Forgot your password?
typodupeerror
Patents Announcements

Dutch Say No to Software Patent Directive 363

Posted by CowboyNeal
from the don't-forget-poland dept.
Rik writes "Thursday night the Dutch parliament has decided that the Dutch government should not vote for the EU Software Patent Directive at the European Council of Ministers next week. The decision of the Dutch parliament strengthens attempts of MEPs of the European Parliament to send the Software Directive back to the drawing board."
This discussion has been archived. No new comments can be posted.

Dutch Say No to Software Patent Directive

Comments Filter:
  • I hate EU (Score:4, Insightful)

    by Anonymous Coward on Friday February 11, 2005 @05:00AM (#11639742)
    As an American patriot I hate EU because it makes me hate my own corrupted government who only wants to do what's best for corporations, don't giving a damn about small business or open source. Damn you Europeans! You make me sick! Sick of jealousy!
    • Re:I hate EU (Score:4, Insightful)

      by Anonymous Coward on Friday February 11, 2005 @05:19AM (#11639808)
      On the flip side, the EU is a horrible, huge, barely functional, partly non-democratic beurocratic nightmare which makes the US government look like a small anarchist collective. If the Repulicans amongst you think the US government is too big; 'hoo boy, you ain't seen the EU.

      Personally I think it's about time we killed off the European Commision & European Parlimant entirely and moved to a US style two house system with directly elected officials. The rotating presidency should stay, though. That's actually one thing that works pretty well.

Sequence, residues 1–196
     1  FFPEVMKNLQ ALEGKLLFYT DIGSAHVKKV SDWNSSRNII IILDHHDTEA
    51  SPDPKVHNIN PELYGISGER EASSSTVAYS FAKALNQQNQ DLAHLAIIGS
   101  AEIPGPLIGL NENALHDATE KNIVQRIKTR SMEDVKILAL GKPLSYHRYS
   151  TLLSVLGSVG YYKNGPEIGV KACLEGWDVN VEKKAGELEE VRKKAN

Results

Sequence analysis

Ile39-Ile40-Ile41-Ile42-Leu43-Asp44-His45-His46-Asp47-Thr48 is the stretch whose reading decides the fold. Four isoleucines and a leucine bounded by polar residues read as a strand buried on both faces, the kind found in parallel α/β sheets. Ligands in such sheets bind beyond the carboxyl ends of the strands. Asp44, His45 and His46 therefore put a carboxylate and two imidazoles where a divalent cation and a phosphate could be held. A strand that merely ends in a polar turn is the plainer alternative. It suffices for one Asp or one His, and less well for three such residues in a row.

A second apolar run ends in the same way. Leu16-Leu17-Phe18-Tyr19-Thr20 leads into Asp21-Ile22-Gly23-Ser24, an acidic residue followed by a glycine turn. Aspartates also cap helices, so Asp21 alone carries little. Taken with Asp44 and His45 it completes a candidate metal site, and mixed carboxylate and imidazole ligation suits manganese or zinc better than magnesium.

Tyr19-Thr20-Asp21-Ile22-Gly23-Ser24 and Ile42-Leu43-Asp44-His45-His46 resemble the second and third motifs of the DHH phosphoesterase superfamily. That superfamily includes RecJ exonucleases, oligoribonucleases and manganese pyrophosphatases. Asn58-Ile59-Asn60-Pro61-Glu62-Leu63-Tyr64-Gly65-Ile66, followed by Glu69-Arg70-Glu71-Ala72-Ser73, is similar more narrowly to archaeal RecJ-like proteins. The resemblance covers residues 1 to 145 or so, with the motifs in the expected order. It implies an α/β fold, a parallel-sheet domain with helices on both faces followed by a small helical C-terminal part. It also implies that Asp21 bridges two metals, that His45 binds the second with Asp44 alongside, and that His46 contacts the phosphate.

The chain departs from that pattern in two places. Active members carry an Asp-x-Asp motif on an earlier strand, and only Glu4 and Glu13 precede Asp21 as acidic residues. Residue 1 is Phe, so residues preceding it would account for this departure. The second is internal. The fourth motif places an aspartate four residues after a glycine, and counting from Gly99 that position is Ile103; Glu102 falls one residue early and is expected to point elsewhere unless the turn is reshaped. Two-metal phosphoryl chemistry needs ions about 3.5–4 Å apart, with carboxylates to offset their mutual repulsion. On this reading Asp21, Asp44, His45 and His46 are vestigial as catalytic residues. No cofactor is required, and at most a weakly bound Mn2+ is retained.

• Re:I hate EU (Score:3, Informative)

        by Colm Buckley (589428)
        If the Repulicans amongst you think the US government is too big; 'hoo boy, you ain't seen the EU.

        The EU directly employs about 30,000 people. The U.S. Federal Government directly employs about 1,900,000 people. Work it out.

      • Re:I hate EU (Score:5, Insightful)

        by ZeroExistenZ (721849) on Friday February 11, 2005 @06:53AM (#11640135)

        and moved to a US style two house system

        How does a *two-system* allow diversity and a whole array of views and oppinions?

        I always have found it odd how the US has just the dominating "Rebuplicans", and "Democrats". We have +7 Parties, with all some simular and more diverse agenda's. It'd be a nightmare to just be in the mercy of *two* parties....

        • Re:I hate EU (Score:4, Insightful)

          by Gadzinka (256729) <rrw@hell.pl> on Friday February 11, 2005 @07:27AM (#11640228) Journal
          He wrote "two house" not "two party". As in "Congress and Senate", not as in "Republicans and Democrats".

          In Poland we have multiparty, two house system, same in UK and I'm sure other countries.

          Robert
      • Actually, the EU employs fewer bureaucrats than an average UK Local Authority.
      • Re:I hate EU (Score:3, Insightful)

        by Gadzinka (256729)
        I was just thinking along these lines after moving from /. to cooking for tomorrow party ;)

        Basically problems with swpat arise from lack of accountability of some high-ranking EU bodies. They are not accountable because they answer to no constituency.

        I remember some eurosceptics and xenophobes before Access Referendum scaring people with United States of Europe, European Superstate (as opposed to superstate structure of independant states), but I think I'd prefer federal structure with directly elected an
      • Re:I hate EU (Score:3, Insightful)

        by KontinMonet (737319)
        The EU is not a state or a federation. What we need to do is strengthen the parliament considerably so that the democratic voice is heard more clearly.
  • by smooc (59753) on Friday February 11, 2005 @05:01AM (#11639748) Homepage
    here [webwereld.nl]

    Besides that, I wonder this means they (=Brinkhorst) is actually going to vote or will abstain which would basically mean yes.